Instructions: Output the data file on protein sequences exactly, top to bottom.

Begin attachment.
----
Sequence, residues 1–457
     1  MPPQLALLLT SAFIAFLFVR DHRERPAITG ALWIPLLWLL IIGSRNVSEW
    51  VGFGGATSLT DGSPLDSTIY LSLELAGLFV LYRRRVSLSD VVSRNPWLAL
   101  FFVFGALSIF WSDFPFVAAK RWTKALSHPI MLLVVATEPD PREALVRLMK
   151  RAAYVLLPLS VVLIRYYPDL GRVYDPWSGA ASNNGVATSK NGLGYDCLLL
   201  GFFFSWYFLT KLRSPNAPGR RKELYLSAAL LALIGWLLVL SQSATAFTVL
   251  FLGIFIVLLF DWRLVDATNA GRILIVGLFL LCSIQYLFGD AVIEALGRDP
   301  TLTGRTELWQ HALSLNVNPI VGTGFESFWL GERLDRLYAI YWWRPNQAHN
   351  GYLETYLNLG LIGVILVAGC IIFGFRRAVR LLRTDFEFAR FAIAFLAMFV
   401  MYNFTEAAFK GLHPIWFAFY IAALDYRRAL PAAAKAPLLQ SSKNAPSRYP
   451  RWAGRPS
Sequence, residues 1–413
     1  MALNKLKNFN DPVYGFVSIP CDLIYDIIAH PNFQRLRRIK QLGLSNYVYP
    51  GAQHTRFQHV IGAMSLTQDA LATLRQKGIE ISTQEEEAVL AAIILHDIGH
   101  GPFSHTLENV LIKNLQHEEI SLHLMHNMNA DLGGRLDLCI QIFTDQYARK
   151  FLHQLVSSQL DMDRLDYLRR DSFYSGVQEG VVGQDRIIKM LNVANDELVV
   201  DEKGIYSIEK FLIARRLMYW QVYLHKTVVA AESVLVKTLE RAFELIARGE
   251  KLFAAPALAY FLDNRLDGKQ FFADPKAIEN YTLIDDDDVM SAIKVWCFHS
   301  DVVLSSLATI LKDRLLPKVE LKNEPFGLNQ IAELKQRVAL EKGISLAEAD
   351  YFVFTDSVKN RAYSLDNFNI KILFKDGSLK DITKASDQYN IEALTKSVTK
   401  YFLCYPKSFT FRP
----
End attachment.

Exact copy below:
Sequence, residues 1–457
     1  MPPQLALLLT SAFIAFLFVR DHRERPAITG ALWIPLLWLL IIGSRNVSEW
    51  VGFGGATSLT DGSPLDSTIY LSLELAGLFV LYRRRVSLSD VVSRNPWLAL
   101  FFVFGALSIF WSDFPFVAAK RWTKALSHPI MLLVVATEPD PREALVRLMK
   151  RAAYVLLPLS VVLIRYYPDL GRVYDPWSGA ASNNGVATSK NGLGYDCLLL
   201  GFFFSWYFLT KLRSPNAPGR RKELYLSAAL LALIGWLLVL SQSATAFTVL
   251  FLGIFIVLLF DWRLVDATNA GRILIVGLFL LCSIQYLFGD AVIEALGRDP
   301  TLTGRTELWQ HALSLNVNPI VGTGFESFWL GERLDRLYAI YWWRPNQAHN
   351  GYLETYLNLG LIGVILVAGC IIFGFRRAVR LLRTDFEFAR FAIAFLAMFV
   401  MYNFTEAAFK GLHPIWFAFY IAALDYRRAL PAAAKAPLLQ SSKNAPSRYP
   451  RWAGRPS
Sequence, residues 1–413
     1  MALNKLKNFN DPVYGFVSIP CDLIYDIIAH PNFQRLRRIK QLGLSNYVYP
    51  GAQHTRFQHV IGAMSLTQDA LATLRQKGIE ISTQEEEAVL AAIILHDIGH
   101  GPFSHTLENV LIKNLQHEEI SLHLMHNMNA DLGGRLDLCI QIFTDQYARK
   151  FLHQLVSSQL DMDRLDYLRR DSFYSGVQEG VVGQDRIIKM LNVANDELVV
   201  DEKGIYSIEK FLIARRLMYW QVYLHKTVVA AESVLVKTLE RAFELIARGE
   251  KLFAAPALAY FLDNRLDGKQ FFADPKAIEN YTLIDDDDVM SAIKVWCFHS
   301  DVVLSSLATI LKDRLLPKVE LKNEPFGLNQ IAELKQRVAL EKGISLAEAD
   351  YFVFTDSVKN RAYSLDNFNI KILFKDGSLK DITKASDQYN IEALTKSVTK
   401  YFLCYPKSFT FRP